I would greatly appreciate it if you looked at my link and considered donating to the team, my friend Corina or myself. All of it goes to one great cause 💖
For 40 years BWSS has provided a safe, welcoming space for trans/women and femmes who have experienced gender based violence.
This year we have 40 amazing people dedicated to raising $40,000 in the Scotiabank Half-Marathon and 5K in support of the work that happens every day at BWSS!
“And Still We Rise” is the latest offering of BWSS with host Angela Marie MacDougall. Launched in advance of Women Deliver, the international conference coming to Vancouver June 3 – 6, 2019, and to announce the counter conference Feminists Deliver which features how local women and femmes are moving the dial on liberation today.
Explore how women are taking action on gender oppression from an intersectional lens, with host Angela Marie as she speaks with activists, advocates, survivors, law makers, politicians, academics, bureaucrats and reporters. Profoundly West Coast, it’s about the action underway toward addressing and redressing some of the most pressing social issues facing people today.
JUSTICE, ACCOUNTABILITY, AND FEMINIST LAW REFORM
Angela Marie talks with Raji Mangat | Director of Litigation and Elba Bendo | Director of Law Reform at West Coast LEAF about personal trajectories and how the law is only one tool in the toolbox of feminist activism.
REPRODUCTIVE JUSTICE, GLOBAL AND DOMESTIC CONNECTIONS, FEMINISTS POLICY AND CROSS-SECTORAL ORGANIZING
On this episode of And Still We Rise, Angela Marie speaks with Julie Savard-Shaw about abortion, reproductive justice, connecting the global and domestic feminist organizing, feminist policy development and Women Deliver Mobilization.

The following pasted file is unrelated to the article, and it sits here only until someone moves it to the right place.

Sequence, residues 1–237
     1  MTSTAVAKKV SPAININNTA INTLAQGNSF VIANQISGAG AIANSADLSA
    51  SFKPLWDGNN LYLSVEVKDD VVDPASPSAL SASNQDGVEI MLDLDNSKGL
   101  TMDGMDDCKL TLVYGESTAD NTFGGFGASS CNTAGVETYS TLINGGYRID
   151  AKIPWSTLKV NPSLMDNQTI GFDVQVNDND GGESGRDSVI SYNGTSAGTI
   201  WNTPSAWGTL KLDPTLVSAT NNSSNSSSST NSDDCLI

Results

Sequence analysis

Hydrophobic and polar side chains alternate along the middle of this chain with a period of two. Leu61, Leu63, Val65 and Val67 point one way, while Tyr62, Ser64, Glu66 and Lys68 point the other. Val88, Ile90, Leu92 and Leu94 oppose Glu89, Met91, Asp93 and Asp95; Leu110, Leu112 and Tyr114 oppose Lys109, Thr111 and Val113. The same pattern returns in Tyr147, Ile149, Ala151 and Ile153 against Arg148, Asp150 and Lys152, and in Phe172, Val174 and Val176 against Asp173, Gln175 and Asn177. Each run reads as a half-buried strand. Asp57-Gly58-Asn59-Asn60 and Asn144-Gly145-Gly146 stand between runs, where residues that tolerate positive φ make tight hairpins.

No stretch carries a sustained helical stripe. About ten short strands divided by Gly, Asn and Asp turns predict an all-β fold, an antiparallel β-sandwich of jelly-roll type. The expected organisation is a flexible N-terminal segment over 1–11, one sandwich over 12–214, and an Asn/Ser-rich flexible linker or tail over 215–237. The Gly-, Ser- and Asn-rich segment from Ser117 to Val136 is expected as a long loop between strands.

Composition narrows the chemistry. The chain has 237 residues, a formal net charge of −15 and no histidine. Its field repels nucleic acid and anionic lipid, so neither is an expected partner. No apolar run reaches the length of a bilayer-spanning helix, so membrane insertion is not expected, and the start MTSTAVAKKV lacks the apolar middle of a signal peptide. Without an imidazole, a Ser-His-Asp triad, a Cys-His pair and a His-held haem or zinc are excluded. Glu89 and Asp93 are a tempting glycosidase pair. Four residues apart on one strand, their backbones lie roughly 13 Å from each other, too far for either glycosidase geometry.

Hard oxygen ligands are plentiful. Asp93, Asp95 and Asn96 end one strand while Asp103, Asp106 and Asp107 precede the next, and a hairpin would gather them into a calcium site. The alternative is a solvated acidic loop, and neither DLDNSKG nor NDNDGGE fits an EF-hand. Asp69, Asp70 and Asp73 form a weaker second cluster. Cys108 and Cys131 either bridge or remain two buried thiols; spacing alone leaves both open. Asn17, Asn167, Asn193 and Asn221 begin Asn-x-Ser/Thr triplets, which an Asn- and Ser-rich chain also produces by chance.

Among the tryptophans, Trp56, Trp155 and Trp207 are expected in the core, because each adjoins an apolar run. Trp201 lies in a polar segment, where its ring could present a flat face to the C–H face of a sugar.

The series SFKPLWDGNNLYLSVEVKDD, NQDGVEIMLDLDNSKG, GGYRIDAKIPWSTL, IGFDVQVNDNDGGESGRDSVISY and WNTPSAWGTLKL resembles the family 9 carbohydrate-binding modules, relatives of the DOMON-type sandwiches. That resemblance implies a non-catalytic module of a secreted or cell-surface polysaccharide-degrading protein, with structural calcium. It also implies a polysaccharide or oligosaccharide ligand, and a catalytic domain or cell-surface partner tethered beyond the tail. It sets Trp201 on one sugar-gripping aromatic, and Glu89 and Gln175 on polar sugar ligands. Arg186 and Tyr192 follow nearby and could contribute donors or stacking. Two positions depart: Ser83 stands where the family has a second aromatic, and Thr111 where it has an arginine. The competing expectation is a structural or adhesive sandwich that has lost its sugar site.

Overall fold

Julie Savard-Shaw is CanWaCH’s Director, Partnerships, Women Deliver 2019 Mobilization Canada. She works with stakeholders across sectors to ensure Canadian leadership in the promotion of domestic and global women and girls’ health, rights and well-being in the lead-up and at the 2019 Women Deliver Conference.
Julie holds a Master of International Affairs from the Norman Paterson School of International Affairs and a Bachelor of Public Affairs and Policy Management. Julie most recently worked at the Prime Minister’s Office, providing policy advice on international, gender and immigration-related matters.
Prior to working in politics, Julie worked in the international development sector and successfully leveraged additional resources for global health and education initiatives. Julie also supports local organizations that provide shelter and assistance to women survivors of gender-based violence. In her spare time, Julie regularly travels to Peru, where she co-founded a music school in rural Lima which provides weekly music lessons to disadvantaged youth.